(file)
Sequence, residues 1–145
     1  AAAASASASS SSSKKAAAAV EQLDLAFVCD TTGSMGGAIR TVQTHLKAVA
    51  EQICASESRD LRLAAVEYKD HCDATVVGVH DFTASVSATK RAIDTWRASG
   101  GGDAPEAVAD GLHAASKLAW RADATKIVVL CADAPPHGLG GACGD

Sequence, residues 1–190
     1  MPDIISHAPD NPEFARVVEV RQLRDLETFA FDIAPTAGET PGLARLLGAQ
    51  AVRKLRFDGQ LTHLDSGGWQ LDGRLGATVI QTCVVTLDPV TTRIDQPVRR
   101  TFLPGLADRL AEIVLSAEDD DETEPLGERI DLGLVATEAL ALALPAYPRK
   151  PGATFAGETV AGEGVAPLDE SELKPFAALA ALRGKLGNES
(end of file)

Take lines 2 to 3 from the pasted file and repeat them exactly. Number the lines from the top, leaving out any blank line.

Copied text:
     1  AAAASASASS SSSKKAAAAV EQLDLAFVCD TTGSMGGAIR TVQTHLKAVA
    51  EQICASESRD LRLAAVEYKD HCDATVVGVH DFTASVSATK RAIDTWRASG